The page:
I recently read an article in the Strategic CIO Journal entitled Top CIOs Become Business Process Czars.
The key focus of the article was raising the bar on CIOs to become more broadly engaged in the overall business and the processes to deliver value.
Now, I’m not going to critique the article, because it was the title alone that inspired this response. It made me think about senior technology leaders – CTOs, CIOs, or any senior technology leader in a larger organization and what their Prime Directive might be.
- Technology Leadership?
- Business Process Leadership?
- Or is it, Culture Builder?
The article seemed to allude to the role moving from a focus on #1 to #2. And that is a relevant and important shift given today’s Digital Transformation strategy focus.
But that being said, in some ways, I think the article set the bar too low or at least in the wrong direction.
Culture, we don’t need no Stinkin’ Culture
From my perspective, the number one focus for senior leadership in today’s organizations should be on culture. That is, are they influencing, supporting, and creating the right cultural ecosystem so that their teams can solve ALL of the technology and business process challenges facing them.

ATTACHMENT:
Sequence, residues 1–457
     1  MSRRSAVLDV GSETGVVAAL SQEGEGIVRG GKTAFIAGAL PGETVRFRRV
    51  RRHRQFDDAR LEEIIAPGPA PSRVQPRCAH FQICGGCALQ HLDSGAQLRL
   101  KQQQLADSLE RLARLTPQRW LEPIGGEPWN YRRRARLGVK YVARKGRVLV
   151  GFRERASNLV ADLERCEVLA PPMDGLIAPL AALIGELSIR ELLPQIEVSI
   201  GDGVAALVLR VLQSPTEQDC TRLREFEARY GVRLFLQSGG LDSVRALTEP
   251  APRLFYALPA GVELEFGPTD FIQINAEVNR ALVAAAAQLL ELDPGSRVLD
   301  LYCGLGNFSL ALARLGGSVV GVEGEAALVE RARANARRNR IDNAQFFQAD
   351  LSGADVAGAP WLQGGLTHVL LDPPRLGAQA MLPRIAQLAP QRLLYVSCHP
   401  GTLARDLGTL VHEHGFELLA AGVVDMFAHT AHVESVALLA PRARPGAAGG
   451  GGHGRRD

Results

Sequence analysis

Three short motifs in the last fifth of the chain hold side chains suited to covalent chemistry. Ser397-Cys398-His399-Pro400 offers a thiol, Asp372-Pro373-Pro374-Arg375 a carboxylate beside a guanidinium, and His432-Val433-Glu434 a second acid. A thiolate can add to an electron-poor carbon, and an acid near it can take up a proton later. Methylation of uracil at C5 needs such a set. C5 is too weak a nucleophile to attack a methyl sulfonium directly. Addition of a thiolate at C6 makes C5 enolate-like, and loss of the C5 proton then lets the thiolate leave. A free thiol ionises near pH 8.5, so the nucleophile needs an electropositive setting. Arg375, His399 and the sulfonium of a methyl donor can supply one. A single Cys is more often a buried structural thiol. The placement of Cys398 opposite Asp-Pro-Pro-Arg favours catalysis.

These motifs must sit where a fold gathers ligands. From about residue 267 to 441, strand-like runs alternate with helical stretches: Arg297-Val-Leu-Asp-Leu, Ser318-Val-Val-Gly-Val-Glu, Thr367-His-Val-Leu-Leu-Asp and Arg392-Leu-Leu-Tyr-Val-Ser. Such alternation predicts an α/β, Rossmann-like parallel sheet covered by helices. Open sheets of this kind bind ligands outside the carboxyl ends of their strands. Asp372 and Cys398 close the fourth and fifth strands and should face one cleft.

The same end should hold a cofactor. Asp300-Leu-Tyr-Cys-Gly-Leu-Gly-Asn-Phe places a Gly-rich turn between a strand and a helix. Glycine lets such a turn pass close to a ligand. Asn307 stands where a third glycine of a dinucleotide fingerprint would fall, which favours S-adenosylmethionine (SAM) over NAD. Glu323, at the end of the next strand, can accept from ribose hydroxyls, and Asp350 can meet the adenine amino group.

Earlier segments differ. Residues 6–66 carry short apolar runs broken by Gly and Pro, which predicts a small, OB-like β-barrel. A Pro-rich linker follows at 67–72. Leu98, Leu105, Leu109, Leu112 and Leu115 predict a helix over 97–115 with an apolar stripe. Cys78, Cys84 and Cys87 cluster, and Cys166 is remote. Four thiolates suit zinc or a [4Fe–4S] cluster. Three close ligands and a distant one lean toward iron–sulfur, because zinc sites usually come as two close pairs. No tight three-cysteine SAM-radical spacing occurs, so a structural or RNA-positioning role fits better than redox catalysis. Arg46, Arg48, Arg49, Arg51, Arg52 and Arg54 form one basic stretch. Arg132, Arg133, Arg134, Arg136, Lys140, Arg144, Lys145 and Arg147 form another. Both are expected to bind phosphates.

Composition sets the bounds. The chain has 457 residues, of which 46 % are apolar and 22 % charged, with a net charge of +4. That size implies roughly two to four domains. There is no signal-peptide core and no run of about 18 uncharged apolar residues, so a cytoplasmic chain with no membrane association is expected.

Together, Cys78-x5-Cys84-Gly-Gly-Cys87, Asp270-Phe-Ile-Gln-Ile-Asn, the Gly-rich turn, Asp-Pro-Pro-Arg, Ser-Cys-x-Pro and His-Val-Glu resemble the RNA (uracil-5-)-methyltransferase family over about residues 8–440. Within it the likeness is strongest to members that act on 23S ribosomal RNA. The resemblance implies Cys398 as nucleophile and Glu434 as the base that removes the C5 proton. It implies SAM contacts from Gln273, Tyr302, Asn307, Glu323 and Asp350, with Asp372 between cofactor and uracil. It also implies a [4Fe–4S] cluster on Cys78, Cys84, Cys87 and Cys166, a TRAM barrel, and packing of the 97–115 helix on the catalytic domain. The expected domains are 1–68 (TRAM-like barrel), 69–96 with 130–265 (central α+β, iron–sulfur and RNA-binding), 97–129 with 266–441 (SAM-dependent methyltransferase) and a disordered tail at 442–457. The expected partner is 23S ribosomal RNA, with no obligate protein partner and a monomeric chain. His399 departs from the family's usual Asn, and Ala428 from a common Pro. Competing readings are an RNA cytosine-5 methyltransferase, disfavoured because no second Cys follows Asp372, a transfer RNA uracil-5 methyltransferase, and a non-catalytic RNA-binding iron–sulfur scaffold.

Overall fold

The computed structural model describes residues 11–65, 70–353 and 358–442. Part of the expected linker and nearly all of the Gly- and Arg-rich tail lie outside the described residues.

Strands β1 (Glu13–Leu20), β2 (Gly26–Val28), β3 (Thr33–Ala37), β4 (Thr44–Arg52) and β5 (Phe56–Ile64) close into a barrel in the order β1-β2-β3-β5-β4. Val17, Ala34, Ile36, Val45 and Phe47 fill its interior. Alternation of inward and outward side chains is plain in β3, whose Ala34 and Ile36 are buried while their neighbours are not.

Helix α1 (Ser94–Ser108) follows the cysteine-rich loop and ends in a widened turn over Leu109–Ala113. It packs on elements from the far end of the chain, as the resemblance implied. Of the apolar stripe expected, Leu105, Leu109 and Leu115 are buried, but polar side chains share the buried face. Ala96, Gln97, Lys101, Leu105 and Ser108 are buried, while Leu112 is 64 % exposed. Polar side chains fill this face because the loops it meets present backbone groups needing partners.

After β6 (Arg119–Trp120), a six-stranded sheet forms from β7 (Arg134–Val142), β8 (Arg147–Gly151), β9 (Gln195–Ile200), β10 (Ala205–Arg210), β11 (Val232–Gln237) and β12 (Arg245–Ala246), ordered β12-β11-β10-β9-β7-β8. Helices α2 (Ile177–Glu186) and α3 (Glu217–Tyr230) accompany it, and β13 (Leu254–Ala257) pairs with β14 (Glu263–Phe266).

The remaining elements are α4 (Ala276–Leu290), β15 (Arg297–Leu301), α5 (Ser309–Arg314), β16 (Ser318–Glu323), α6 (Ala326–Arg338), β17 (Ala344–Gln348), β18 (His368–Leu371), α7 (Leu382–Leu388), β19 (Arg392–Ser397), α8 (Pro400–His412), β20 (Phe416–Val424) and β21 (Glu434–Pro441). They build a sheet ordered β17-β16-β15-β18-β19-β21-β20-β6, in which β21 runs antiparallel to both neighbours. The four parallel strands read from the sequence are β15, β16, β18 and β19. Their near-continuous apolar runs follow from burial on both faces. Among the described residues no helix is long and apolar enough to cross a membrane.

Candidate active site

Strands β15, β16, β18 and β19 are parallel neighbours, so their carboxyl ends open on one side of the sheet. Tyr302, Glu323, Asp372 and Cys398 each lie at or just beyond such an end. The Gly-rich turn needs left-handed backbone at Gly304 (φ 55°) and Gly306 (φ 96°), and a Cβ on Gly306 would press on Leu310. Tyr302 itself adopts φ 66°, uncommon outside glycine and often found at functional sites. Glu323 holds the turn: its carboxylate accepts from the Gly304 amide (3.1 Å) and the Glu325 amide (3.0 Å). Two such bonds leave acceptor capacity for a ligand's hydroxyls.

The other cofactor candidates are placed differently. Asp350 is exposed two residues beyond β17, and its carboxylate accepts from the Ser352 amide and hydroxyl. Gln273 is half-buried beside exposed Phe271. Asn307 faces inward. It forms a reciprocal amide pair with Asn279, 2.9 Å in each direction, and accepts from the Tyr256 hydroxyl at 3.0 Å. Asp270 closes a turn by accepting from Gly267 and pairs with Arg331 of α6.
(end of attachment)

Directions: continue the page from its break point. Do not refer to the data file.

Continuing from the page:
Instead of the leaders being the primary technical or business problem-solvers, I believe they should be laser-focused towards creating a culture of:
- Driving Value
- Active Listening
- Innovation & Creativity
- Technical Excellence
- Delighting the Customer
- Risk-Taking and Experimentation
- Organizational flatness for decision-making
Culture is something that is mission critical at Vaco. So much so that we developed a set of Core Tenets to serve as a lens for everything we do – whether it be leading or working one-on-one with a client, candidate or consultant.
As a leader in today’s technology organizations, it is incredibly easy to be pulled into the inner workings of the business challenges or processes. It’s usually in our sweet spot of experience. It’s tactical and immediate. And Let’s face it, we get a strong sense of accomplishment by fixing things in these two spaces.
But I’ll always argue that it’s the wrong level. As a leader, you are front and center in setting your culture. Sure, many other factors play a part. But you are the primary actor in culture. What you say, and more importantly, what you do and how you behave sets the cultural landscape.
My recommendation is always to pick CULTURE first and the rest will take care of itself.